In response to a series of cyber bullying related teen suicides that took place in Los Angeles last year, the Southern California school district has decided to employ a social media monitoring service enabling the school to take a proactive role in curtailing cyber bullying with the hopes of saving teen lives and ensuring teen safety. For the pilot, the Glendale Unified School District in California hired social media surveillance service, Geo Listening, to monitor the public postings of approximately 14, 000 middle school and high school students. The school district is paying Geo Listening $40,500 for the company’s surveillance services.
Geo Listening is a social media monitoring service that is currently advertising to schools and campuses across the nation the company’s information technology services that will aid school’s in monitoring student’s public social media postings in order to promote student safety. As part of the company’s corporate initiative, Geo Listening will collect posting data from the following sites: Twitter; Facebook, Instagram, Picasa, Vine, Flickr, Ask.fm, YouTube, and Google+.
In particular, the service will provide schools enlisting the company’s services with a daily report that will “take into account [the] frequency and severity of a student’s posts in alignment with the following categories: bullying, cyber bullying, despair, hate, harm, crime, vandalism, substance abuse, truancy.” The daily reports that are provided to school administrators will include a “screen capture of the flagged posts” accompanied by other details such as whether the posts are made on or off campus, the time and date the posts were made, the user name of the post, and possibly, why the post attracted the attention of Geo Listening analysts.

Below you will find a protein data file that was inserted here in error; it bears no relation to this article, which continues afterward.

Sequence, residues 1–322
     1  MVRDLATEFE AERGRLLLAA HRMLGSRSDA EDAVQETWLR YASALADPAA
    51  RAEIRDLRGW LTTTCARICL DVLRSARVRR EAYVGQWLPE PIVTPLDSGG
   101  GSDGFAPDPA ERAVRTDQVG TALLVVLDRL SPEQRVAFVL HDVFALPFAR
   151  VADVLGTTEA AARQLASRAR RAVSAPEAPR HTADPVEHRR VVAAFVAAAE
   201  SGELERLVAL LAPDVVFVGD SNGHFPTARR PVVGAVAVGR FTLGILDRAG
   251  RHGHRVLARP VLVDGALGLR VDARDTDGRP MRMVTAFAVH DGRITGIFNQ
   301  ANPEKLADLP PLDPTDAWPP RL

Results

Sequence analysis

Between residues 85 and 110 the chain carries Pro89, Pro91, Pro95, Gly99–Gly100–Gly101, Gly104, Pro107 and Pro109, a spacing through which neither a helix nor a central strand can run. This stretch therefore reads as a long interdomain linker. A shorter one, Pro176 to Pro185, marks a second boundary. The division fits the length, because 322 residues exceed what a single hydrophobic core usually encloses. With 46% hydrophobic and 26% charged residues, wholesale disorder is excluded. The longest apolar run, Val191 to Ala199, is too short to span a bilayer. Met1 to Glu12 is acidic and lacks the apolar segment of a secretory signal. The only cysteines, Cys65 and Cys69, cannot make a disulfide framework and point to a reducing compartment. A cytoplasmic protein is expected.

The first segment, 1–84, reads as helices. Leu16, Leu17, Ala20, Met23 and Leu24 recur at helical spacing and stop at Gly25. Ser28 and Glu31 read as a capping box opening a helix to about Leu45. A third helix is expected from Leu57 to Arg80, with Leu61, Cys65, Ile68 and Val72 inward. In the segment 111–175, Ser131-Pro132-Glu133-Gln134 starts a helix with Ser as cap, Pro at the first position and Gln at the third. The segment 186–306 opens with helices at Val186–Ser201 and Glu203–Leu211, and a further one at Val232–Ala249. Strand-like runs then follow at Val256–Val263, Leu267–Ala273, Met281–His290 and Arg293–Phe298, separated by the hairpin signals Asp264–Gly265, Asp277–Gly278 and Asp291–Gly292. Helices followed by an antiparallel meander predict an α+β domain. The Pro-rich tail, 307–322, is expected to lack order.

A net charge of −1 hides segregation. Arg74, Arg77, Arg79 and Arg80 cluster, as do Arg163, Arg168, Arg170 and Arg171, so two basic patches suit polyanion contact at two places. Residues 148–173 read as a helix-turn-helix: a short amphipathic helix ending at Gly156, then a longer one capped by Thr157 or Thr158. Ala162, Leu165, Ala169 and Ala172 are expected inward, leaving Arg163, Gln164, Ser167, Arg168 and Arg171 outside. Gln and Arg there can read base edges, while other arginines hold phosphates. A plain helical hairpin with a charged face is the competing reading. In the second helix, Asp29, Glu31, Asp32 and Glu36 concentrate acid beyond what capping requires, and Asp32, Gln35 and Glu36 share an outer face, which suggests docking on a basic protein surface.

The Glendale District’s implementation of Geo Listening’s services has sparked debate with respect to the school’s invasion of student privacy rights outside of the schoolhouse gates. Although the service does not use a list of names to track students, the computer software utilizes a “deductive reasoning” method that links public accounts to students. Aware of the debate, Geo Listening has been adamant that their service does not infringe on privacy rights because it only monitors what is publicly posted. The company has also stated that the surveillance policies are in compliance with the Children’s Online Privacy Protection Act, as Geo Listening’s database will limit its collection to public information for children over the age of 13 and will thereby eliminate any records not in compliance with this rule.
Nevertheless, the California branch of the American Civil Liberties Union expressed concern that the school is on the cusp of invading student privacy because the service’s broad “sweeping” method goes beyond “what is necessary to ensure student safety.” Students have expressed similar concerns that although the school’s goal to promote student safety is admirable, Geo Listening’s services are overly intrusive on student lives outside of school.
As of yet, no one in the Southern School District has been disciplined in response to any of the posts collected under the pilot program. By the end of 2013, the company expects to monitor approximately 3,000 schools worldwide.
A special thanks to Melissa Cefalu, a law clerk at Cullen and Dykman LLP, for help with this post.